US 4408832 A
An adjusting mechanism for a deformable mirror includes a piezoelectric stepping section to position the apparatus within a guarding tube, a piezoelectric displacing device for dynamically moving a mirror surface and a piezoelectric clamp to grip a guide projecting from the rear of the mirror.
1. An adjusting device for applying force along an axis to a projecting member affixed to the rear surface of a deformable mirror comprising:
a support tube directed substantially along said axes and having a cylindrical interior surface, gripping means having three prongs for gripping said projecting member, said prongs being released in response to movement of a first piezoelectric actuator, dynamic piezoelectric actuator means for applying temporally variable force to said deformable mirror in response to control signals, said force being transmitted to said mirror along said axis and through said gripping means;
stepping and positioning means connected to said dynamic actuator means for moving said dynamic actuator means and said gripping means through said tube along said axis from a first position to a second position, said stepping and positioning means further including first and second locking means spaced apart axially and having first and second sets of three locking prongs, radially movable in response to first and second piezoelectric actuators, respectively, for clamping said stepping means in said support tube thereby providing a support with respect to which force is applied to said deformable mirror, and further including a piezoelectric extending means for altering the axial spacing of said first and second locking means, whereby the axial position of said gripping means may be varied by sequential energization of said first locking means, extending means and second locking means.
The field of the invention is that of devices for adjusting a deformable mirror in an adaptive optical system.
U.S. Pat. No. 3,390,559 issued to O. M. Steutzer on July 2, 1968 illustrates a lock effectuated by a round piezoelectric clamp having a circular cross section for the internal gripping of a lock cylinder. This gripping device must have a good match with the interior of the tube in order to exert a substantial frictional force between the outside of the piezo cylinder and the interior surface of the tube.
U.S. Pat. No. 3,952,215 issued to Y. Sakitani on Apr. 20, 1976 discloses a device for adjusting a holder for microscope specimens in which stepwise adjustment is provided by sequential activation of a set of piezoelectric pieces. The adjusting device is held in position by electrostatic force between a dielectric plate and a base plate.
The invention relates to a device for adjusting the static position of a deformable mirror by means of a piezoelectric stepping mechanism and for manipulating the position of the deformable mirror dynamically in response to control signals. Connection of the adjusting mechanism with the mirror is provided by a piezoelectric controlled gripping clamp.
FIG. 1 illustrates an embodiment of the invention;
FIG. 2 illustrates a cross section of the embodiment of FIG. 1;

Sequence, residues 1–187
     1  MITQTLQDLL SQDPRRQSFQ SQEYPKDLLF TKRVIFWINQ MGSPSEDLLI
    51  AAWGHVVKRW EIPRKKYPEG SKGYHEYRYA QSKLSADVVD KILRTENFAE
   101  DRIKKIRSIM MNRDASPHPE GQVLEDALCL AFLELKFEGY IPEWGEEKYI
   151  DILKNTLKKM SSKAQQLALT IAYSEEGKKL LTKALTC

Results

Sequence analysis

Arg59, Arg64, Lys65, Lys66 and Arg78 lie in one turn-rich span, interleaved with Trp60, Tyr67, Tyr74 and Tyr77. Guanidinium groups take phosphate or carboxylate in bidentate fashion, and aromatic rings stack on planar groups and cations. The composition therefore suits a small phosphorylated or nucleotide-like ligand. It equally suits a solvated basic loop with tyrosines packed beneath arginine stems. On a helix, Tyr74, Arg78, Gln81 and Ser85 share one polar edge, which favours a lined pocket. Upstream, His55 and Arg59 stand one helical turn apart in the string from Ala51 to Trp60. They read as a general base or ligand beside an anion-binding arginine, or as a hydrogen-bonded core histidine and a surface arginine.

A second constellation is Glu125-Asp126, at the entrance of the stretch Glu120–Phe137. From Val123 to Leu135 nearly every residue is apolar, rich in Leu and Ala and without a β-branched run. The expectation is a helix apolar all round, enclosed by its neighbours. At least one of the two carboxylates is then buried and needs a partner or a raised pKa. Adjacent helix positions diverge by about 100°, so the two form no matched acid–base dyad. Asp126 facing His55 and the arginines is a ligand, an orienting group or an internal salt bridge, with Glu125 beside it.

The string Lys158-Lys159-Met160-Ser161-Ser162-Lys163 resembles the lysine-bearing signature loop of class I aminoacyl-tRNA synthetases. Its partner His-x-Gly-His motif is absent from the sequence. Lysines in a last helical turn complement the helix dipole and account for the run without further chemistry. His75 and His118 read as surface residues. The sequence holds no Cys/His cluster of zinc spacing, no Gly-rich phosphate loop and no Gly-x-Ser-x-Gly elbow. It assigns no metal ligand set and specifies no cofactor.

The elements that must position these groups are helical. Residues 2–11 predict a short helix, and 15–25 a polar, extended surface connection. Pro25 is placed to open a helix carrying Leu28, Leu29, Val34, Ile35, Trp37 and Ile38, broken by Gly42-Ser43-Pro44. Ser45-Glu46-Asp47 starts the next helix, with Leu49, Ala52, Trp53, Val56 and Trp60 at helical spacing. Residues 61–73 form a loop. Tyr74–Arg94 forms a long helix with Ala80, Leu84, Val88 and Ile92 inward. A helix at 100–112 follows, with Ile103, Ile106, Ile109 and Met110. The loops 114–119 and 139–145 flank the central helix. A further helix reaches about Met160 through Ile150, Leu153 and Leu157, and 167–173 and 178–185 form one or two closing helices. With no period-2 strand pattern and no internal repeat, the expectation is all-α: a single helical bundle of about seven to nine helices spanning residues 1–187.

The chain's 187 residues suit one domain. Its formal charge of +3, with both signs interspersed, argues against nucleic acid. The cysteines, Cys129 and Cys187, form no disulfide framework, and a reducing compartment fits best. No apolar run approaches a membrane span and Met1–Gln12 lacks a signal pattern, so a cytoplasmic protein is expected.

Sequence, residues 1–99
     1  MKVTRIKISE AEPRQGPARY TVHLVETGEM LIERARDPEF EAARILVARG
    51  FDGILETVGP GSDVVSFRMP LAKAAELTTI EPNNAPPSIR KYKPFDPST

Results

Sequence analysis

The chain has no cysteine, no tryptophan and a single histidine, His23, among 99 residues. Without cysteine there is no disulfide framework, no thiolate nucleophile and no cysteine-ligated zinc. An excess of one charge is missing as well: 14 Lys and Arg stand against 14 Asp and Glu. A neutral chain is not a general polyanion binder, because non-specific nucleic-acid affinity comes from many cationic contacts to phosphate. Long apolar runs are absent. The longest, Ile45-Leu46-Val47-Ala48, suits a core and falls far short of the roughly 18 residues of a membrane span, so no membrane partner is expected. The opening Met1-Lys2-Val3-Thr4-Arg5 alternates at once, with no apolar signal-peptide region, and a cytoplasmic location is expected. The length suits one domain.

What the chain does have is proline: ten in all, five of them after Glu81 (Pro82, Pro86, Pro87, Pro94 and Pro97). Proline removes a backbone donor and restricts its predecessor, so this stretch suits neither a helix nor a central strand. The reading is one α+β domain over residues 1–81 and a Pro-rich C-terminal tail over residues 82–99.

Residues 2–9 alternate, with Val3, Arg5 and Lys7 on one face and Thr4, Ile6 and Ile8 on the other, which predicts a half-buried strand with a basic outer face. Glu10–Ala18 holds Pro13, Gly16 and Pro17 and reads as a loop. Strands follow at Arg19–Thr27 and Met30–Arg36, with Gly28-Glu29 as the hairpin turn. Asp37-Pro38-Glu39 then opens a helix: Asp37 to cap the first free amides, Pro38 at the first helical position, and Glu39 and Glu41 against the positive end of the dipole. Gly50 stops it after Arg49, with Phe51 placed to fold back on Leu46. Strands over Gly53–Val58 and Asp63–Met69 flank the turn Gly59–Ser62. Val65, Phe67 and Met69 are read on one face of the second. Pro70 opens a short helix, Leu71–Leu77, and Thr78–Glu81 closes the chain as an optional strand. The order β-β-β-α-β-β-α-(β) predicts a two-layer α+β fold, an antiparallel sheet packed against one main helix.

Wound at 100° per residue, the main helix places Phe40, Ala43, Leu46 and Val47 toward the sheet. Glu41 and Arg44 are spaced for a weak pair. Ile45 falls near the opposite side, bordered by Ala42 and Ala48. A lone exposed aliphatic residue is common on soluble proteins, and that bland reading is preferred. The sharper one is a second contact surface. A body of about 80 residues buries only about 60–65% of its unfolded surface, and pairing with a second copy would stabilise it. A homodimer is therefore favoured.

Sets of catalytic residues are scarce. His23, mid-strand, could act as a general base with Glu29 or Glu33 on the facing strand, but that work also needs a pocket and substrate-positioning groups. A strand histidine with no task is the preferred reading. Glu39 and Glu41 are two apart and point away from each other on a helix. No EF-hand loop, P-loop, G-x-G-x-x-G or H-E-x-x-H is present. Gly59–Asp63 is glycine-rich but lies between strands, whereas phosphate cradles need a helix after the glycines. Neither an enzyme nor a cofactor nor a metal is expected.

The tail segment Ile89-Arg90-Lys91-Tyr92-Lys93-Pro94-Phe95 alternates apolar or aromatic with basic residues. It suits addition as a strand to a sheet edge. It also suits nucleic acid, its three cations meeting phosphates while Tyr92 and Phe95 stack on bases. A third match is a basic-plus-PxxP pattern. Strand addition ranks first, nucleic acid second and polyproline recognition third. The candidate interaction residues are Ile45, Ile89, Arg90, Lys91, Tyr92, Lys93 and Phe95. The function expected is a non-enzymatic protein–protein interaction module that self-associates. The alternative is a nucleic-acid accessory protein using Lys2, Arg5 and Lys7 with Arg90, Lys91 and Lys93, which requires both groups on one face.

FIG. 3 illustrates a bottom view of the embodiment of FIG. 1.
Certain laser systems include a deformable mirror to control the laser beam as part of an adaptive optical control system. As is known in the art, some deformable mirrors are adjusted to a desired optical surface configuration by pushing or pulling on the rear surface of a thin plate supporting the optical surface. In prior art deformable mirrors, the force for the static position of the mirror has been provided by manual adjustment of threaded rods, and the dynamic control of the mirror for an adaptive optical system has been provided by a stack of piezoelectric elements which respond to control signals to superimpose additional force on the static force. A chronic problem in setting up the initial condition of the mirror has been that of breaking off the threaded or attachment members. A further problem has been that of adjusting the mirror along a direction essentially perpendicular to the plane of the mirror without exerting any moment or twisting force on the mirror.
In FIG. 1, projecting member 112 having a generally spherical shape is gripped by three equally spaced prongs 120 which are controlled by piezoelectric stack 128. The advantage of the three-prong method of gripping a spherical object is that it substantially reduces the danger of imparting a twist or moment during the adjusting process. Dynamic force in response to control signals is applied by body unit 104 acting through conventional stack 132 of piezoelectric elements. Positioning of the adjusting device to provide a static mirror surface configuration is accomplished by stepping mechanism 106 at the end of the device, in which clamping units 112 and 116 grip the interior surface of tube 113 to provide resistance to the static force and, together with moving unit 114, are energized in sequence to move the device as a whole within the interior of tube 113. Tube 113 is supported by a conventional framework not shown in the drawing, which also supports a number of other tubes for holding similar adjusting devices. The number of adjusting devices and their spacing will, of course, depend on the particular system requirements.